Introduction: Perspectives on Principles and Standards for School Mathematics

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Introduction: Perspectives on Principles and Standards for School Mathematics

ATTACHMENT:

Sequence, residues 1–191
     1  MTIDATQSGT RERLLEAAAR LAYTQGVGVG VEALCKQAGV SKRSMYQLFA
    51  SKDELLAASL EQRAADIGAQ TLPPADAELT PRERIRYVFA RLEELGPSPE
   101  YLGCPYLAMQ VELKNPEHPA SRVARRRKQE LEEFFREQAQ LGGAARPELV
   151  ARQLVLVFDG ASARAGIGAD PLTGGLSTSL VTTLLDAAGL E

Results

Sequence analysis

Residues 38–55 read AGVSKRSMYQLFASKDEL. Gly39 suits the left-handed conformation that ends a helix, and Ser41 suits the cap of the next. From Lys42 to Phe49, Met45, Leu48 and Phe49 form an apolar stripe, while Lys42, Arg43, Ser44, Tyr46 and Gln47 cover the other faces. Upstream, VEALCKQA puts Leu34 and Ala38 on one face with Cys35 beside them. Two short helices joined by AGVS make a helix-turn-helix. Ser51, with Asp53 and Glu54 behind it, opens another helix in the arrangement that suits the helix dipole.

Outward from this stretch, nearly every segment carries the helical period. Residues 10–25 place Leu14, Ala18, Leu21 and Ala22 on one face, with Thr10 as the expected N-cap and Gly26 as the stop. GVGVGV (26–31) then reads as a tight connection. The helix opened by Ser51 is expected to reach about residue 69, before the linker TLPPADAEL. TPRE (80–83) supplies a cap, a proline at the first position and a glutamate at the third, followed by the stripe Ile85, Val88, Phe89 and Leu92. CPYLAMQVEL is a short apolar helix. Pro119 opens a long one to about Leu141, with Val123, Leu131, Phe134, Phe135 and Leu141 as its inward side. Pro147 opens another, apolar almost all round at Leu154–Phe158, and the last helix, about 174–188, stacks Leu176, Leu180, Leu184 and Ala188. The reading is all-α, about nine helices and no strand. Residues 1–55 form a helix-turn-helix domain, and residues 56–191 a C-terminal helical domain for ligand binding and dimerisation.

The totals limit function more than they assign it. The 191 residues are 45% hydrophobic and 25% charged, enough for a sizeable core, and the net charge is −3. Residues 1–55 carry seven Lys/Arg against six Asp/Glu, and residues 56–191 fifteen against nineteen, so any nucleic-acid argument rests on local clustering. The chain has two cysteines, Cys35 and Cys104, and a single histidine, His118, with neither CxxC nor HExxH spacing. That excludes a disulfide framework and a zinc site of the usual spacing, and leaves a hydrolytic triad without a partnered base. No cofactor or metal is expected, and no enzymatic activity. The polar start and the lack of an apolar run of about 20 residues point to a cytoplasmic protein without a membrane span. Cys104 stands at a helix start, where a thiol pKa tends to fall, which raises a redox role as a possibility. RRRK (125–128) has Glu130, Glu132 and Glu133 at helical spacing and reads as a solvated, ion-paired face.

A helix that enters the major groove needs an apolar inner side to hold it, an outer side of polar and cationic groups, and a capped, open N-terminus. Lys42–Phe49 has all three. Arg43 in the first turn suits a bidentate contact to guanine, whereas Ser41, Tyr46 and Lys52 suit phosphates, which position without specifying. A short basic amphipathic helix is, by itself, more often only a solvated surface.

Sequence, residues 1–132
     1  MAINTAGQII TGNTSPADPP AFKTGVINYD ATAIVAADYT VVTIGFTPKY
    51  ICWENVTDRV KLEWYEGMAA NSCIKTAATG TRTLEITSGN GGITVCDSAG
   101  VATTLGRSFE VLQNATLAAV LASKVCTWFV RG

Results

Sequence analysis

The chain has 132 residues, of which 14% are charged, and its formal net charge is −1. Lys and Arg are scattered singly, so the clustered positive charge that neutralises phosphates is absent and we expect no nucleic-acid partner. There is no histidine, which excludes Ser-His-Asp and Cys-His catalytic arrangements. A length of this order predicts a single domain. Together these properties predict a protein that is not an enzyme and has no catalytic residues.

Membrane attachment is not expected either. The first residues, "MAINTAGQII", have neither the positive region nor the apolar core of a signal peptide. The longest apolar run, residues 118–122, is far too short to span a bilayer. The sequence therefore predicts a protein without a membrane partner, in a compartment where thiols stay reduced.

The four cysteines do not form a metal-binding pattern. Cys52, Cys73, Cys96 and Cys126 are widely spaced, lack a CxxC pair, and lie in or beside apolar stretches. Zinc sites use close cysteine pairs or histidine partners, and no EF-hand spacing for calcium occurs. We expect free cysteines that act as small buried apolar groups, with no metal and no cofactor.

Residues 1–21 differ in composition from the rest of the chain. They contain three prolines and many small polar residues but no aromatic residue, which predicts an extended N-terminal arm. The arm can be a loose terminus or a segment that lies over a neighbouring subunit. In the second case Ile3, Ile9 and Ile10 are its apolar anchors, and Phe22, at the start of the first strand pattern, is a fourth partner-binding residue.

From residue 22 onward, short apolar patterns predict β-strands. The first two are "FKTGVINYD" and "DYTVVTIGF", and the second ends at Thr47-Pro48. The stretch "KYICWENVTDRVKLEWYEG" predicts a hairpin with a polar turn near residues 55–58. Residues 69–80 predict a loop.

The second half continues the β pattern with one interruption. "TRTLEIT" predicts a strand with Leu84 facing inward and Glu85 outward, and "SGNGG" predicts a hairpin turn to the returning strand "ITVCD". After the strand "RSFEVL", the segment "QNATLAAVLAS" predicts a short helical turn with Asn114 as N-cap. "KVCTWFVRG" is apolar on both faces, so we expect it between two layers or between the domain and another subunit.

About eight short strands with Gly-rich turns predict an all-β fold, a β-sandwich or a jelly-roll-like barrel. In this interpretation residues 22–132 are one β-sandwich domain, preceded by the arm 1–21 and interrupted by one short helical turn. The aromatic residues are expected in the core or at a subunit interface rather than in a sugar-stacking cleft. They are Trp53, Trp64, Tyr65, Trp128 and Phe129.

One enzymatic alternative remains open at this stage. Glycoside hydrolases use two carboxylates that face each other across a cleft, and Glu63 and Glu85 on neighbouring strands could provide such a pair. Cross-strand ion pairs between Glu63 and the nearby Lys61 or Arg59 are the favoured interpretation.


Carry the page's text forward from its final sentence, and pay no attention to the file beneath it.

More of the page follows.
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  Volume 101(6), October 2001 Joan Ferrini-MundyMichigan State UniversityGuest Co-Editor Introduction: Perspectives on  Principles and Standards forSchool Mathematics Background Welcome to a special issue of School Science and Mathematics. This issue focuses on the National Council of Teachers of Mathematics’ Principles and Standards for School Mathematics (NCTM, 2001), the latest in NCTM’s seriesof standards documents and hereafter referred to as Principles and Standards .The National Council of Teachers of Mathematics, as a professional subject-matter-based organization, broke neweducational ground with its decision in the mid-eighties to produce “standards” for school mathematics. The 1989 Curriculum and Evaluation Standards for School Mathematics were hailed at the time as a major contribution to theimprovement of school mathematics and served as a model and impetus for the production of subject-matter-basedstandards by other professional organizations and coalitions. (See October 1997 special edition of School Science and  Mathematics  for additional discussion.)NCTM’s curriculum standards, together with the subsequent Professional Standards for Teaching Mathematics (NCTM, 1991) and  Assessment Standards for School Mathematics  (NCTM, 1995), have had considerable influence in allarenas that affect mathematics education, including state and local frameworks and curricular guides, instructional materials,teacher education programs, assessments, and day-to-day classroom instruction. With this propagation of standards-basedideas into the more specific tools and practices of mathematics education has come close scrutiny and extended nationalconversation about the purposes, implementation, and effectiveness of mathematics education in the nation’s schools. Thisnational conversation about mathematics education is largely healthy and constructive and involves an expanding set of constituencies who have taken a strong interest in the improvement of mathematics teaching and learning.In the mid-nineties the NCTM began to explore the possibility of a revision, or update, of its standards documents. ACommission on the Future of the Standards was appointed in 1995, and based on their recommendation, in 1996 the NCTMBoard of Directors approved a revision process. By the spring of 1997, a writing group had been appointed and charged toestablish standards that “build on the foundation of the srcinal Standards documents; integrate the classroom portions of the Curriculum and Evaluation Standards for School Mathematics, Professional Standards for Teaching Mathematics ,and  Assessment Standards for School Mathematics ; and are organized into four grade bands: prekindergarten through grade2; grades 3-5; grades 6-8; and grades 9-12.” Writing Group members included Jeane Joyner, Angela Andrews, Douglas H.Clements, Alfinio Flores, Carol Midgett, Judith Roitman, Barbara Reys, Francis (Skip) Fennell, Catherine M. Fueglein,Melinda Hamilton, Melissa Manzano-Aleman, Susan Jo Russell, Philip Wagreich, Jean Carpenter, Sheila Gorg, W. GaryMartin, Edward A. Silver, Mary Bouck, Jean Howard, Diana Lambdin, Carol Malloy, James Sandefur, Alan Schoenfeld,Sue Eddins, M. Kathleen Heid, Millie Johnson, Ron Lancaster, Alfred Manaster, and Milton Norman. Joan Ferrini-Mundyserved as the chair of this group.The resulting document, together with the web-based “e-Standards,” have now been available for more than a year.NCTM distributed copies to all of its individual members, and in addition, more than 45,000 copies of the book have beensold. One intention for this special edition of School Science and Mathematics  is to take stock and look ahead, throughdiscussion from a variety of standpoints about standards and their role in mathematics education.One of the questions posed in the call for manuscripts for this special edition was,   “How might Principles and Standards , or elements of the process used in its development, be helpful in moderating and giving focus for substan-  School Science and Mathematics 278  Introduction tive conversations across constituencies with different perspectives?” It is possible that a major contribution of Prin-ciples and Standards , ultimately, might be the process used in its development and the architecture it provides forsystematic discussion and debate about mathematics education issues.NCTM established an elaborate process of calling for input and advice from the mathematical sciences field, throughthe organization of “Association Review Groups” (ARGs) representing mathematics and mathematics education profes-sional societies, and sought the advice of the ARGs over the several years of development of the new standards document(Ferrini-Mundy, 2000). We learned that the re-formulation of standards in the late nineties would be a challenging process,in that 10 years of experience with the 1989 standards had given the field the opportunity to develop rather strong andvaried positions about the perceived messages of the 1989 standards and also about the effectiveness of their implementa-tion and impact. Thus the Writing Group was faced with the challenge of creating a document that would, as we werecharged to do, build on the foundations of the srcinal standards, and at the same time take into account the lively debatesand implementation difficulties ongoing in the field by addressing them in rational and well-grounded ways. Principles and Standards  is replete with references to research, and the theoretical perspectives, methodologies, and findings of researchwere integral to the development process (see Ferrini-Mundy & Martin, 2001).The extensive input from the field influenced strongly the points and areas we addressed. For example, the introduc-tion of “principles” – explanations of the perspectives guiding the development of the document and proposed as centralguiding views of school mathematics – occurred in part because of a sense that, without explicit articulation of the underly-ing assumptions, readers of standards create individual interpretations of the intentions of the documents that in some casesare more extreme and ideological than intended by the writers. Input from the field, coupled with the experience and judgments of the Writing Group, led to such decisions as eliminating the discrete mathematics standard and instead integrat-ing the big ideas of discrete mathematics into the other standards; renaming the “Reasoning” standard as “Reasoning andProof,” and adding a new standard, “Representation.” Principles and Standards’  focus on “computational fluency” and asomewhat complicated stance about the role of technology in mathematics learning (where we emphasized the importance of careful teacher judgment and noted that technology is not a substitute for understanding) have already generated reactionand commentary from all directions. Such decisions were made with the clear intention of generating conversation aboutthese points in the field and giving focus, language, and structure for those conversations.Hyman Bass, an eminent mathematician and current president of the American Mathematical Society, has said,I personally think the NCTM has achieved a great deal, and I think that the new PSSM document is an extraordinaryachievement that has been well informed by the advice that was sought from other professional communities. TheNCTM has made serious and bona fide efforts to ground its policy documents in whatever research is available and insolicited advice from other professional communities. I think that a sensible and constructive way to make improve-ments is to improve the way the NCTM functions. We can’t invent solutions to these educational problems that ignorethe professional community of teachers. The rhetoric of mathematicians who publicly protest every single fault anddetail in everything the NCTM does is simply not doing the work that’s going to move us forward. The NCTM hasdemonstrated that it can productively accommodate constructively rendered criticism. (Bass, 2001, p. 314)In that respect, the articles appearing in this special edition represent a way in which standards can serve as a frame andbasis for mathematics education improvement efforts and for discussion about them. We invite your reaction to these piecesand your continued submissions and commentary about Principles and Standards . Overview of This Special Edition The call for papers for this issue was crafted to help “focus on the potential role of Principles and Standards  ininfluencing the course of school mathematics education in the new century. The issue will invite commentary about how theengagement of the wider mathematical sciences community can be sustained and productively directed in efforts to improveschool mathematics for all students.” In particular, through the papers in this issue, we explore the role of standards, ingeneral, and Principles and Standards,  in particular, within the broader context of standards-based reforms and currentissues and directions affecting school mathematics. Several questions proposed in the call for manuscripts have been takenup by the authors of these papers.In their discussion of how the state of North Carolina has been engaged in a concerted and long-term effort to advancestandards-based education, Jeane Joyner and George Bright address, from a policy perspective, how the mathematical goals  Volume 101(6), October 2001 279  Introduction proposed in Principles and Standards  are likely to advance the mathematical preparation of all students. Their discussionof how to involve a range of players in the continual improvement of mathematics education is a reminder of the complexand systemic nature of mathematics education and, in particular, how crucial it is for all the pieces (curriculum, teachereducation, assessment, and policy) to fit together. A key setting in which all students’ mathematical experiences areinfluenced is in high stakes assessments. Mary Lindquist has contributed an enlightening historical perspective about therole of standards documents in influential assessment efforts, both national and international.We asked for submissions to discuss “What emerging areas of mathematics are highlighted in  Principles and Stan-dards  that are especially necessary for all students in a technological age?” Ideas related to this are discussed by Eric Hart,Brian Keller, and W. Gary Martin in their piece about NCTM’s Illuminations project and also in the interviews of mathema-ticians and Writing Group members Alfred Manaster and Judy Roitman, composed by Mark Olson and Dawn Berk. Thearticle by Kimberly Harris, Robin Marcus, Karen McLaren, and James T. Fey also includes some particular mathematicalexamples and issues emerging within the context of standards-based curriculum development.A major concern of the developers of standards, as well as mathematicians and teacher educators, is the problem of themathematical demands standards-based improvements will place on teachers. Questions about teacher preparation andprofessional development become challenging in a context of the new mathematical and technological propositions in Principles and Standards . The papers by Hart, Keller, and Martin, as well as the discussion about teacher education byKaren Graham and Francis (Skip) Fennell, look at such teacher preparation and support issues.A vexing and long-standing problem for educational reformers in all areas is the question of whether the proposedimprovements actually have been implemented and whether they make a difference. The standards movement is no excep-tion to the ongoing challenge of generating processes and programs of research and inquiry to enable reformers to continueto improve and adjust their recommendations. In their article about NCTM’s Standards Impact Research Group, W. GaryMartin and Dawn Berk address such issues.We recognize that the particular recommendations, examples, and language of any standards document will invitecritique, disagreement, and debate. Nonetheless, we offer this special edition as evidence that the “big picture” of standards– the processes involved in their development, the projects evolving from them, and their availability as a reference – hasenormous promise for the ongoing improvement of mathematics teaching and learning in this country. These papers,collectively, suggest that the goal of enabling all students to learn mathematics with meaning, so they can use mathematicsas productive citizens and in their work, is within reach in this standards-based era. References Bass, H. (2001). Interview with Allyn Jackson.  Notices of the AMS, 48  (3), 312-315.Ferrini-Mundy J. (2000). Principles and Standards for School Mathematics : A guide for mathematicians.  Notices of the AMS  , 47  (8), 868-876.Ferrini-Mundy J., & Martin W.G. (2001). Using research in policy development: The case of the National Council of Teachers of Mathematics’ Principles and Standards for School Mathematics. Manuscript in preparation . National Council of Teachers of Mathematics. (1989).  Curriculum and evaluation standards for school mathematics. Reston, VA: Author.National Council of Teachers of Mathematics. (1991). Professional teaching standards for school mathematics .Reston, VA: Author.National Council of Teachers of Mathematics. (1995).  Assessment standards for school mathematics . Reston, VA:Author.National Council of Teachers of Mathematics. (2001). Principles and standards for school mathematics . Reston, VA:Author.  Editors’ Note: Correspondence concerning this article should be addressed to Joan Ferrini-Mundy, MichiganState University, 211 N. Kedzie, East Lansing MI 48824. Electronic mail may be sent via Internet to